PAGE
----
29 June 2010

Jun 29

Reference links:
Old Testament

More kings, some with very short reigns. Each entry is nearly exactly the same. Boring! Even the assassinations are boring (For reference, here's the king chart again.)

We do learn that Menahem of Israel was a pretty terrible guy:
He killed the entire population and ripped open the pregnant women.
Has he no standards? Really, he should have lived up to the standards of David and Joshua and stopped at killing the entire population.

Also, what's with the confusing names? In addition to more J and A names, we read that Pekahiah of Israel was assassinated by Pekah. That's practically the same name!

I bet that this is another point in the Bible where people give up when they are trying to read through the whole thing.

New Testament

Today we read a story about a group of Jews attempting to cast out demons in Jesus' name:
A group of Jews was traveling from town to town casting out evil spirits. They tried to use the name of the Lord Jesus in their incantation, saying, “I command you in the name of Jesus, whom Paul preaches, to come out!” Seven sons of Sceva, a leading priest, were doing this. But one time when they tried it, the evil spirit replied, “I know Jesus, and I know Paul, but who are you?” Then the man with the evil spirit leaped on them, overpowered them, and attacked them with such violence that they fled from the house, naked and battered.
This is an interesting contract to the story in Mark and Luke:
John said to Jesus, “Teacher, we saw someone using your name to cast out demons, but we told him to stop because he wasn’t in our group.”
“Don’t stop him!” Jesus said. “No one who performs a miracle in my name will soon be able to speak evil of me. Anyone who is not against us is for us. If anyone gives you even a cup of water because you belong to the Messiah, I tell you the truth, that person will surely be rewarded.
Even though I think the whole idea of demons and the casting out thereof is ridiculous, this contrast does bring up some interesting thoughts about the different attitudes towards "outsiders" at different points in the development of the New Testament canon.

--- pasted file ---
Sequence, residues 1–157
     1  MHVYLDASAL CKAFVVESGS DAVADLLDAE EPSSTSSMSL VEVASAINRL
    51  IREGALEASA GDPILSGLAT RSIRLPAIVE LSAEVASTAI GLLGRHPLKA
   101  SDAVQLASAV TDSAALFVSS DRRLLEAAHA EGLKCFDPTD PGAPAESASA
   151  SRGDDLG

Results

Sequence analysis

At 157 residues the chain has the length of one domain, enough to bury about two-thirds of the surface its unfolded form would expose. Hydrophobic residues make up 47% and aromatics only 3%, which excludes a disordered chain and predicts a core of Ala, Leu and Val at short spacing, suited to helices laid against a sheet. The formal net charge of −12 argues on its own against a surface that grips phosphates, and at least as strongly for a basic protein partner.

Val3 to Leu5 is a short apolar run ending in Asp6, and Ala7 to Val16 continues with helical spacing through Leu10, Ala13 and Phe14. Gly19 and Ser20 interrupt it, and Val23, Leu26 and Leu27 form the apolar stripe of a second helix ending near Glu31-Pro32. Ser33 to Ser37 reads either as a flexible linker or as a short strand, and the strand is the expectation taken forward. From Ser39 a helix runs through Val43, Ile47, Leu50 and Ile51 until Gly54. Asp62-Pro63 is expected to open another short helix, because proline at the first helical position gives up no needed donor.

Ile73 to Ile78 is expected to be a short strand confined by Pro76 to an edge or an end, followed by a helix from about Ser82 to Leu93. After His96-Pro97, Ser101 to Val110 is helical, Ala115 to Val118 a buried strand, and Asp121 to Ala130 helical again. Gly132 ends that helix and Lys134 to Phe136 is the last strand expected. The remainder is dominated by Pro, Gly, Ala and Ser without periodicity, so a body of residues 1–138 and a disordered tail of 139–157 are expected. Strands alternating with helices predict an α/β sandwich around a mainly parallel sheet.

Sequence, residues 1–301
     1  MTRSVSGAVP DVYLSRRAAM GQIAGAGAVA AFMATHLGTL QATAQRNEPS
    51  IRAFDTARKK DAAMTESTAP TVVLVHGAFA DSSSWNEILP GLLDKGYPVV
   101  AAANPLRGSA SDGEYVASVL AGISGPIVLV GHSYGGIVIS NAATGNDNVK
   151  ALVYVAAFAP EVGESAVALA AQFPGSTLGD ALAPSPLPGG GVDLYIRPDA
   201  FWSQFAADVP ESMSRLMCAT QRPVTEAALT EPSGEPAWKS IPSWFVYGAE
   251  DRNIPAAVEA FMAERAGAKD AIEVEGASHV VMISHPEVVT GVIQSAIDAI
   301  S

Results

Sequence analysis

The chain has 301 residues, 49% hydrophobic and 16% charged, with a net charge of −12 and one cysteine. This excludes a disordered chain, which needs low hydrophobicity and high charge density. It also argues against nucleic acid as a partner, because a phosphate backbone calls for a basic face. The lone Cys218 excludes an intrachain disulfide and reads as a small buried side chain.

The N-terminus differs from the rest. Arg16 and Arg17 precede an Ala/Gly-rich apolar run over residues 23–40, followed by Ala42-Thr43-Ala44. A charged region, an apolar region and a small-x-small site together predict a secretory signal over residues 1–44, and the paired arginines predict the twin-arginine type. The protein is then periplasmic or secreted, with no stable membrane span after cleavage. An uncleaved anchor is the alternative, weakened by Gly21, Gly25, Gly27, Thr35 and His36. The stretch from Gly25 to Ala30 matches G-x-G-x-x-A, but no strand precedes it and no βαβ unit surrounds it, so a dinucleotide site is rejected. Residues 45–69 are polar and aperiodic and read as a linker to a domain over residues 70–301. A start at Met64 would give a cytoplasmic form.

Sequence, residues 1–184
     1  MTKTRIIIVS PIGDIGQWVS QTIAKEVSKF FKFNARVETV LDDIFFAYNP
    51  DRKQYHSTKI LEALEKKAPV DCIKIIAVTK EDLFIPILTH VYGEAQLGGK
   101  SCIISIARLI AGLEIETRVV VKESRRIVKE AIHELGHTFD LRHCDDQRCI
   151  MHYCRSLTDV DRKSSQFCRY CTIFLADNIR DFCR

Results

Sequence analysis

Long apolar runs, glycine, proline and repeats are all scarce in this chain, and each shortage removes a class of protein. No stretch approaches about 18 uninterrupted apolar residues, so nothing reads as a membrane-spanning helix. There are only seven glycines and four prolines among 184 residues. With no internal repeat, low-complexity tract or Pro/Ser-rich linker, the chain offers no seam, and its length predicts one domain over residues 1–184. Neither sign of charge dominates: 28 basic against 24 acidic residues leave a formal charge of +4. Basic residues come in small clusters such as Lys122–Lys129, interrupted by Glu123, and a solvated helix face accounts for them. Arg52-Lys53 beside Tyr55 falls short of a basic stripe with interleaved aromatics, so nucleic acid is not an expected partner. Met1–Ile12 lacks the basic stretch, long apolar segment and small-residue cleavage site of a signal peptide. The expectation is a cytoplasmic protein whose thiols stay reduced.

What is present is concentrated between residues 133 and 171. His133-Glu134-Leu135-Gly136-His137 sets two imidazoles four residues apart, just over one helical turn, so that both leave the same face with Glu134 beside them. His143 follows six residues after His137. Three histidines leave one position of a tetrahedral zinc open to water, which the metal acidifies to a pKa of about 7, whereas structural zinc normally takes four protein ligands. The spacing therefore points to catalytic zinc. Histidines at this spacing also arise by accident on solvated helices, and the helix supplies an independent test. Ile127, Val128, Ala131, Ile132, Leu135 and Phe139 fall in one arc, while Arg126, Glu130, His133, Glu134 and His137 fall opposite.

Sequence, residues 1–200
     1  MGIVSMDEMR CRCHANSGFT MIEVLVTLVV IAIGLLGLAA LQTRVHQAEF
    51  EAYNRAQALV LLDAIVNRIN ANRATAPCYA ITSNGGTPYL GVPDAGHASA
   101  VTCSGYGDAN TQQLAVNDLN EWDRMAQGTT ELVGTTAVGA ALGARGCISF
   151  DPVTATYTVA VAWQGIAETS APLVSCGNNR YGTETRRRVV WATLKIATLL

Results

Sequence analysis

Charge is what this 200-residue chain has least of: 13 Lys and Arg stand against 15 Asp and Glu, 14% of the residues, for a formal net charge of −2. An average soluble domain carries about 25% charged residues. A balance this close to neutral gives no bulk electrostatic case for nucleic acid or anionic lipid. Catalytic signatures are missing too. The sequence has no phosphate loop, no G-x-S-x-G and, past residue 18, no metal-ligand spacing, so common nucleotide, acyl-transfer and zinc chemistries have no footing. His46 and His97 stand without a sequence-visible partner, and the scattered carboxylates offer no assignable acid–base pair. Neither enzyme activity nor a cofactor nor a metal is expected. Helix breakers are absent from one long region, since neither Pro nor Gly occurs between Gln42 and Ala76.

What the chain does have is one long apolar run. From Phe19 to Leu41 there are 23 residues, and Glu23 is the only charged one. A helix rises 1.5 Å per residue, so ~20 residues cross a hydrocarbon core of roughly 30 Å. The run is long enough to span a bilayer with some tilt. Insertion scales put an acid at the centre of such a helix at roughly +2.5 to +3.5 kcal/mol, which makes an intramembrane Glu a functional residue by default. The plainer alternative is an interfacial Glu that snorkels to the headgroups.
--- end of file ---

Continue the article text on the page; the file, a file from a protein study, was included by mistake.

It makes wonder about the early attitudes towards outsiders casting out demons in Jesus' name. Although the first story does not imply that the group in the first story always failed (indeed, it says that "on time when they tried it" they failed), it does have a different feel than the later story. The first story implies that only some have the power/right to use Jesus' name to cast out demons. The second implies anyone does.

The second story in today's reading tells about a riot in Ephesus. The craftsmen of Ephesus were upset because of the effect of Paul's preaching. According to the text, their grievance was thus,
Gentlemen, you know that our wealth comes from this business. But as you have seen and heard, this man Paul has persuaded many people that handmade gods aren’t really gods at all. And he’s done this not only here in Ephesus but throughout the entire province! Of course, I’m not just talking about the loss of public respect for our business. I’m also concerned that the temple of the great goddess Artemis will lose its influence and that Artemis—this magnificent goddess worshiped throughout the province of Asia and all around the world—will be robbed of her great prestige!
In this passage, the author undermines his own credibility in two ways. First, he falls into the standard trap of implying that those who had worshiped with the aid of representations thought that the representations were divine. Rather, most religions contemporary with the development of Judaism and Christianity understood that their idols were merely symbols of the divine.

Second, the author seems to need to imply that the Ephesians were upset mainly for economic reasons. Maybe that was the case, but let's look at what was going on here. Their goddess was being threatened. I think that most people would be upset if they thought that someone was trying to eliminate belief in their god. Look at how upset people get at the imaginary "war" on Christmas.

By twice showing that he does not take the beliefs of the people of Ephesus seriously, the author of Acts does serious injury to his reputation, at least in my opinion. If he has to belittle the beliefs of others to prop up his own beliefs, it makes me think his own beliefs may not be worth as much as he wants us to think.

Psalms and Proverbs

Today's psalm is another psalm of praise for God. It's also another point at which every single natural phenomenon is attributed to God's direct intervention. At least that's more forgivable in poetry.

The second of today's proverbs is awfully similar to Proverbs 17:15. Compare
Acquitting the guilty and condemning the innocent—
both are detestable to the Lord.
It is not right to acquit the guilty
or deny justice to the innocent.